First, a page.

When Kerri Lynch got the news that her daughter was accepted by Building 21, she couldn’t contain her elation. “I was screaming in her ear,” she said of the moment school co-founder Laura Shubilla notified her by phone.
Lynch’s 14-year-old daughter had experienced a rocky year at her charter school and “I’d already decided I was going to home-school her”— until she heard about Building 21.
As a member of the school’s first class of 150 ninth graders in the fall of 2014, she’ll experience a novel approach to urban high school education. Shubilla and co-founder Chip Linehan eschewed traditional teaching methods for a curriculum customized to each student’s needs, interests and abilities. The students will learn at their own pace in a “competency-based” system which will require evidence of actual mastery instead of just a grade.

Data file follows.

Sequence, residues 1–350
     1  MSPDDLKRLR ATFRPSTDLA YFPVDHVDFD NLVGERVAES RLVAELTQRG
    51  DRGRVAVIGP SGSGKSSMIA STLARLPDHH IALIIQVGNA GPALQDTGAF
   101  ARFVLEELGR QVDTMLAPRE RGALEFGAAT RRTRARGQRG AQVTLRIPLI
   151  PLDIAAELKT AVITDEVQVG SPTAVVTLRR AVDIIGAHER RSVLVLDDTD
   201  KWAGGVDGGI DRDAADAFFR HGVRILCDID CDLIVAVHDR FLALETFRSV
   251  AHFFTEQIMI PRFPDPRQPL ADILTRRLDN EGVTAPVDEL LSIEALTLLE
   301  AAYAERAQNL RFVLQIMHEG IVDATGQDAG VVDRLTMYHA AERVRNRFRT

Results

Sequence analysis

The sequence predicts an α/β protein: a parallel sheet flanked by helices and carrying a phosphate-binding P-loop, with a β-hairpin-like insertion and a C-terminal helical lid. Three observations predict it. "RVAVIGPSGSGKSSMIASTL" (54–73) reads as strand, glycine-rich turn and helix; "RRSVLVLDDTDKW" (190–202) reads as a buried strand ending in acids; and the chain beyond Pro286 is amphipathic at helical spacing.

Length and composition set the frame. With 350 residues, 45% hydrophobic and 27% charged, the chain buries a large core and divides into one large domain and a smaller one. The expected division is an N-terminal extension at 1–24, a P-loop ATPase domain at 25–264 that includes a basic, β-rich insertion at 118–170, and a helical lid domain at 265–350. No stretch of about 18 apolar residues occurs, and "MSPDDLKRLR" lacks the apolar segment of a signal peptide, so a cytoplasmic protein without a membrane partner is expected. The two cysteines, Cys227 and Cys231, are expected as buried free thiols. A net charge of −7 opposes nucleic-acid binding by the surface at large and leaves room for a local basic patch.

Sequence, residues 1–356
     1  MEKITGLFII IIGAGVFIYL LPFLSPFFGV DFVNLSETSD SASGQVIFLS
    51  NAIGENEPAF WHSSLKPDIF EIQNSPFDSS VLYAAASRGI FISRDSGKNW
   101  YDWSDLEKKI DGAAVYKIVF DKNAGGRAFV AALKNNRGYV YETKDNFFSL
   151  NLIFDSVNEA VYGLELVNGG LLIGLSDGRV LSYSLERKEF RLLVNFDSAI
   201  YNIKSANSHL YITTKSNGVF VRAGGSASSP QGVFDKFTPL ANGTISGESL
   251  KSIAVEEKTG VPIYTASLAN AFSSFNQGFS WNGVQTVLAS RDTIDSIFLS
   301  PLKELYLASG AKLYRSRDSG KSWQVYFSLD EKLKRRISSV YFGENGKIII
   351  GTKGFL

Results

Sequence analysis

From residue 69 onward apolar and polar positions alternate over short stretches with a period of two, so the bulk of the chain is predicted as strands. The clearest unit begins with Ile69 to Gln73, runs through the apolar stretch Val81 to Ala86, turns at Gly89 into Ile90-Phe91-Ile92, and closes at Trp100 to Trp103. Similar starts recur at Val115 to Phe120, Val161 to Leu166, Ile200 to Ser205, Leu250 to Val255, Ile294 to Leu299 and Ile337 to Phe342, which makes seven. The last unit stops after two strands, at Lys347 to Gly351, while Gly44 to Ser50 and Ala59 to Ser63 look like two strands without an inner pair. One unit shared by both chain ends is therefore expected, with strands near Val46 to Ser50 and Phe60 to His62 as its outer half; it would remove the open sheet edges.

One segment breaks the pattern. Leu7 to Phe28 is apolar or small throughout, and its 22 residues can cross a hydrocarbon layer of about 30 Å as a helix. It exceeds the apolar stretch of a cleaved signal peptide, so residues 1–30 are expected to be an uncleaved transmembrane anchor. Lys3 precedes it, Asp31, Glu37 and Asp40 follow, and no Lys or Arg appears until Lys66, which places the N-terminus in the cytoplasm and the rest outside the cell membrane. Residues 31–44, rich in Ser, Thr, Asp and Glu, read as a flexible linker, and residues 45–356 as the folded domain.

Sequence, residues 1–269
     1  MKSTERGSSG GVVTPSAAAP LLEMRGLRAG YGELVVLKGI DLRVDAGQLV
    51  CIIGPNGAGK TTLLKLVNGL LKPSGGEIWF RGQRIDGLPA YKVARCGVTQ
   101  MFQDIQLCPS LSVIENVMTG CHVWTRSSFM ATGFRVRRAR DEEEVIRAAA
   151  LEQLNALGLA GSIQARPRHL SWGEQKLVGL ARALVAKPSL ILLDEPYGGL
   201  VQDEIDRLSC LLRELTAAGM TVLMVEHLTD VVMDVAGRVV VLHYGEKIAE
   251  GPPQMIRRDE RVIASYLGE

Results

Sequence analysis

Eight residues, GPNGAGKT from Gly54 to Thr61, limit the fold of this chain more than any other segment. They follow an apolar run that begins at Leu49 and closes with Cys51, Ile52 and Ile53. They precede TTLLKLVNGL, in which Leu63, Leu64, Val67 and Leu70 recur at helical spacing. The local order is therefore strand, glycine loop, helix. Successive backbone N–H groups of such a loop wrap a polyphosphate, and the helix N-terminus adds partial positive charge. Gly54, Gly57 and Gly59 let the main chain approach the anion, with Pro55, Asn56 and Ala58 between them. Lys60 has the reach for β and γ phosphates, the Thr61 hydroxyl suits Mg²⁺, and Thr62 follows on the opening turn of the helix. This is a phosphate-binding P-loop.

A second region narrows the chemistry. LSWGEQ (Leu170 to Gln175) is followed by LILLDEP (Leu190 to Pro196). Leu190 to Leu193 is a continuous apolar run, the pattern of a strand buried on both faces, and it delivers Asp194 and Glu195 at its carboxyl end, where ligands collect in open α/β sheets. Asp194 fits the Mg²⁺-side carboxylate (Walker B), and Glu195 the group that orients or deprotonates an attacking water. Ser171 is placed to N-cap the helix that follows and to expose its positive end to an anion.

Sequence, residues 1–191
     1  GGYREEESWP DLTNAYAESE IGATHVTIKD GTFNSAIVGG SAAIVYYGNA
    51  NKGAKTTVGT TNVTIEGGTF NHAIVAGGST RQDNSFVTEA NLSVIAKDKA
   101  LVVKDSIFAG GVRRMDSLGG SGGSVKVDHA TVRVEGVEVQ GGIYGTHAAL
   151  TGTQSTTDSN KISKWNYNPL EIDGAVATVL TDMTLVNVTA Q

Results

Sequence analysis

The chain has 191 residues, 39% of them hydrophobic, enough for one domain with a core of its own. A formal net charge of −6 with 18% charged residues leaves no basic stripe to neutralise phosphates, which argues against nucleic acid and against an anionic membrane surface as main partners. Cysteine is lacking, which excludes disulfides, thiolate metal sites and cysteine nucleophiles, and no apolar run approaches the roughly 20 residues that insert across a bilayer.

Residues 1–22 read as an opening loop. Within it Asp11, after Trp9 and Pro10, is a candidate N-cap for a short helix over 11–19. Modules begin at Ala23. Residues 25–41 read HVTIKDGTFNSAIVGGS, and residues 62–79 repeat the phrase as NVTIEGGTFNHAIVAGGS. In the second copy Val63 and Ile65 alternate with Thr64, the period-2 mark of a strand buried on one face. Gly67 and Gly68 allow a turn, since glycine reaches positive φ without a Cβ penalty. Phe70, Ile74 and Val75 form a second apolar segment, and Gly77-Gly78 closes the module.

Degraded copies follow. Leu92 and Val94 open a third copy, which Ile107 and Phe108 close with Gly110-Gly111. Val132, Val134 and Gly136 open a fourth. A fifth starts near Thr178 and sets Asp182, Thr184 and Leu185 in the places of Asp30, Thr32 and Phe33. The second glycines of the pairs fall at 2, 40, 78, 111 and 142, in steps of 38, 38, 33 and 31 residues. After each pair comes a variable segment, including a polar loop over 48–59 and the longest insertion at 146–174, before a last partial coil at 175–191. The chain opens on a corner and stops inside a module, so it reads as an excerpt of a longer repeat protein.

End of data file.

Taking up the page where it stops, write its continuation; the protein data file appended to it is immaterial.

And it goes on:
Failure will be forestalled by engaging the students, as teacher Andre Landon explained at a parent forum. If math is a stumbling block, for instance, he’ll determine what the students’ interests are. “Once I find out what they’re into, I can find a way to relate numbers to it,” Landon said.
Students will be liberated from back-to-back lectures and a school day confined to the building. They’ll be assigned to one of three groups of 50 students with three teachers each and they’ll create projects, work on computers, get involved with their neighborhood, and go off-campus to learn real world skills from community partners.
Imagine being taught to cook by pioneer chef Marc Vetri, who’s already committed to the project; or forming an investment club with a financial planner whose firm may fund the students’ stock portfolio.
Lynch believes this innovative and dynamic approach to education is just what her daughter needs. And even her daughter seemed impressed after a parents’ forum. “I like it,” she said.